679 F2d 931 Redwood v. Council of the District of Columbia
679 F.2d 931
220 U.S.App.D.C. 113
Andrew Maurice REDWOOD, Appellant,
COUNCIL OF THE DISTRICT OF COLUMBIA, et al.
United States Court of Appeals,
District of Columbia Circuit.
Argued April 21, 1982.
Decided May 28, 1982.
Appeal from the United States District Court for the District of Columbia (D.C. Civil Action No. 81-1226).
Louis R. Moffa, Jr.*, with whom Steven H. Goldblatt, Philadelphia, Pa. (appointed by this Court) and Samuel Dash, Washington, D. C., were on the brief, for appellant.
Diana M. Savit, Asst. Corp. Counsel, with whom Judith W. Rogers, Corp. Counsel, and Charles L. Reischel, Deputy Corp. Counsel, Washington, D. C., were on the brief, for appellees.
Before MIKVA and GINSBURG, Circuit Judges, and EDMUND L. PALMIERI,** United States Senior District Judge for the Southern District of New York.
Opinion per curiam.
Andrew Maurice Redwood appeals from the dismissal by the district court sua sponte of his pro se complaint. The complaint arises from events at the Lorton Correctional Complex in November 1978. Neither the allegations of the complaint nor the district court's reasons for dismissal are precisely clear. We affirm the district court's action, but we do so with deep concern about the procedures followed by the district court.
Because of the posture of this case, the district court had to accept as true the following allegations of the pro se complaint. Redwood entered the Lorton Correctional Complex in October 1978. As a diabetic, he received daily doses of insulin and fluid pills, the latter to relieve swelling in his joints. The insulin was administered only in the Lorton infirmary, which is located in a medium security area of the correctional center. Because Redwood was placed in maximum security, Lorton guards refused to take him to the infirmary unless he wore leg irons. In November 1978, Redwood exhausted his supply of fluid pills and requested a renewal of the prescription. His request was denied by a Medical Training Assistant because his name "was not on the list for renewal." The lack of fluid pills caused Redwood's ankles to swell, and this in turn caused severe pain and further swelling when Redwood wore the leg irons. Redwood submitted to wearing the irons on his trip to the infirmary for sixteen days. On November 29, 1978, however, he refused to wear the shackles; Lorton guards therefore refused to take him to the infirmary, and he received no insulin that day.
Redwood has filed two separate actions arising from these facts. In September 1979, he filed a pro se complaint in the district court against a number of correctional officials, charging that he had been subjected to cruel and unusual punishment within the meaning of the Eighth Amendment and that defendants had breached their duty of care owed him pursuant to D.C.Code § 24-442. This action, CA No. 79-2614 (1979 complaint), was dismissed by the district court on September 27, 1979, "without prejudice to file in Superior Court." Redwood did not appeal, nor did he proceed in the local court.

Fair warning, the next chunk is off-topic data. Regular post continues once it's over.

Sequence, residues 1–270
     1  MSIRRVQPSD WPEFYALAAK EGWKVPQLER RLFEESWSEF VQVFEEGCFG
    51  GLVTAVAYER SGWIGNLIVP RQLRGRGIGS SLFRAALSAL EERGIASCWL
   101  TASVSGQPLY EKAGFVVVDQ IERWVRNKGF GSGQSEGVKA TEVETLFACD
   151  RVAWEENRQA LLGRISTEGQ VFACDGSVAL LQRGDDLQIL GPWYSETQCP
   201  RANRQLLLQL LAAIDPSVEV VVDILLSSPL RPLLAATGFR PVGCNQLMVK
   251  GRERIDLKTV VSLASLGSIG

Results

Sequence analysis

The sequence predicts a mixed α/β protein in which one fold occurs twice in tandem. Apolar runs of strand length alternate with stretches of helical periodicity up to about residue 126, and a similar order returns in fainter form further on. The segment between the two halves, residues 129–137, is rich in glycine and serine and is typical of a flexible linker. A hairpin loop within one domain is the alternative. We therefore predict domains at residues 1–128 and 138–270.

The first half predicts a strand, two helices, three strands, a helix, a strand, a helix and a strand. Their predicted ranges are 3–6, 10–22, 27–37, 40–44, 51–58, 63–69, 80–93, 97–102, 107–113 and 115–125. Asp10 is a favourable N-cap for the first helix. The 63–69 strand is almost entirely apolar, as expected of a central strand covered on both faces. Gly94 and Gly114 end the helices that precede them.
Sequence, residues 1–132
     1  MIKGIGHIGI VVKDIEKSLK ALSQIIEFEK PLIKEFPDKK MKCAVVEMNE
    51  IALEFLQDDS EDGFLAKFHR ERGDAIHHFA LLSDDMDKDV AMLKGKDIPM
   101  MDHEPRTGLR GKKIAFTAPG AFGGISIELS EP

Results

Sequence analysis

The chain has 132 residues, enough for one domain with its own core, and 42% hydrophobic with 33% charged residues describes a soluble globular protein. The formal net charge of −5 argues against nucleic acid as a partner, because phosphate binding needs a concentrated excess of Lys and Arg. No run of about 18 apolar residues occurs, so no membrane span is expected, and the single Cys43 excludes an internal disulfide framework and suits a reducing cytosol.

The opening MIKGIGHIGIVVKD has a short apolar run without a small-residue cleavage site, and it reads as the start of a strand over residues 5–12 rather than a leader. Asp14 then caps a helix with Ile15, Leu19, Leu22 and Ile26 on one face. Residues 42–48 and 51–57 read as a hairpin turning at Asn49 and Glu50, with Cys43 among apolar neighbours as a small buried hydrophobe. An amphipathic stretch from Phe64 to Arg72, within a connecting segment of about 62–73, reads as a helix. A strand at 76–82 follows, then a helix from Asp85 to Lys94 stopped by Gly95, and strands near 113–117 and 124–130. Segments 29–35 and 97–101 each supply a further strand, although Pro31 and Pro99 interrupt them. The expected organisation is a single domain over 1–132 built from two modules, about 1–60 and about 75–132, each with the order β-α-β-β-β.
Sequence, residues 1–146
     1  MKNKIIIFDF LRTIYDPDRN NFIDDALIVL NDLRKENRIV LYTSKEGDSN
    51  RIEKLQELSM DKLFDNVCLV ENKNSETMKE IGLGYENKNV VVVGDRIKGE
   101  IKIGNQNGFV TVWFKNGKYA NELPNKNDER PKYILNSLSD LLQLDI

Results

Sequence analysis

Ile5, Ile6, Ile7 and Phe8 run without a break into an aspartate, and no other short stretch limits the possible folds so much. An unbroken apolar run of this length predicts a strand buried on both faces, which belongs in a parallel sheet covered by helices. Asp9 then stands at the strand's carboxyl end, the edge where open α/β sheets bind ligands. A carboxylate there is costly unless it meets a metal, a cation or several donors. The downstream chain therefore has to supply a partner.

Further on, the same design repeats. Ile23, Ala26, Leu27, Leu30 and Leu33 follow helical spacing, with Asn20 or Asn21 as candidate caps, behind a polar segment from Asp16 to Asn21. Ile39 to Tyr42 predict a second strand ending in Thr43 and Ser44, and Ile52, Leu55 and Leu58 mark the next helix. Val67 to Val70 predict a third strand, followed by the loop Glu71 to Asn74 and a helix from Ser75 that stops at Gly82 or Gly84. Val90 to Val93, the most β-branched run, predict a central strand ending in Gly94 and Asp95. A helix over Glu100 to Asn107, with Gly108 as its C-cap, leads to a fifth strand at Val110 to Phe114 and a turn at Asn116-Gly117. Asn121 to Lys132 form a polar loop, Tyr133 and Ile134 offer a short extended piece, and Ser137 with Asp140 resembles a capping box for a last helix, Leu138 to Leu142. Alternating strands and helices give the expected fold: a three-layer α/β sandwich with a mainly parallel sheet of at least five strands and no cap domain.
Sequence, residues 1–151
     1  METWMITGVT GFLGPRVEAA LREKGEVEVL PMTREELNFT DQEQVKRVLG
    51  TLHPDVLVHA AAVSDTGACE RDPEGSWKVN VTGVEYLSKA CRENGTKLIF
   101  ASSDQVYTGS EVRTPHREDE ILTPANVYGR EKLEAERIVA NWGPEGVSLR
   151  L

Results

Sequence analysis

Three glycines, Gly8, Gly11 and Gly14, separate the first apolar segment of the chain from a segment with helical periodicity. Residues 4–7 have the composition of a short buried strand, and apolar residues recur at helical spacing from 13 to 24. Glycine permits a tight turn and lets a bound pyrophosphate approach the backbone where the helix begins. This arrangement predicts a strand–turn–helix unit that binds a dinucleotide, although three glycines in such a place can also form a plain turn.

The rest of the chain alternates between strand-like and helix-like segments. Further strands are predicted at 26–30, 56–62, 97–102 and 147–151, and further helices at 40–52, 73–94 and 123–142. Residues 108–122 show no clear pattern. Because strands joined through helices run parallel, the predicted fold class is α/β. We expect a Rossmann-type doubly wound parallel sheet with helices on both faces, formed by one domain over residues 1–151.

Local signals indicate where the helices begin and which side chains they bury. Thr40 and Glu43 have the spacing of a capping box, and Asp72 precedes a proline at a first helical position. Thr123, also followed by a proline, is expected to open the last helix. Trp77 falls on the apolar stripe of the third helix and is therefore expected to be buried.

In May 1981, Redwood again filed suit in the district court, naming the same defendants but adding the Mayor and the Council of the District of Columbia in addition. The factual allegations were almost identical to those in the 1979 complaint. In this action, however, Redwood dropped the explicit claim that his federal rights had been violated, and no longer invoked jurisdiction pursuant to 28 U.S.C. §§ 1331, 1361. Instead, Redwood cited only D.C.Code § 11-501(4), and described his action as an effort to recover damages for defendants' negligence and failure to train and supervise Lorton medical officers adequately. Redwood added, however, that
such failure deprivate plaintiff of essential medical care, in which led to intentional deprivation of essential medical care with specific intent to cause harm to the plaintiff. That cause inrepairable harm to my life and added to the suffering already suffer do to plaintiff medical condition.
CA No. 81-1226, P 2 (sic) (1981 complaint).
The district court granted Redwood leave to file his 1981 complaint without prepayment of costs, but simultaneously dismissed the complaint sua sponte, effectively causing Redwood's complaint to be dismissed before it was actually filed with the clerk of the court. The district court's statement, in its entirety, was the following: "Dismissed. See CA 79-2614 (the 1979 complaint). See also 79-2615(,) 80-0790." CA No. 79-2615 and CA No. 80-0790 were petitions for writs of habeas corpus also filed earlier by Redwood, and subsequently dismissed.
ISSUES ON APPEAL
Redwood contends that the district court must have dismissed his complaint for lack of subject matter jurisdiction, because this was apparently the basis for the earlier dismissal of the 1979 complaint. He argues that this was erroneous because the complaint alleged a federal constitutional tort under Estelle v. Gamble, 429 U.S. 97, 97 S.Ct. 285, 50 L.Ed.2d 251 (1976) ("deliberate indifference to serious medical needs"). Although Redwood concedes that he "did not specifically name 28 U.S.C. § 1331 as the jurisdictional foundation," Brief for Appellant at 12, he urges that "the complaint is not so devoid of legal merit on its face that federal-question jurisdiction is precluded." Id. at 13.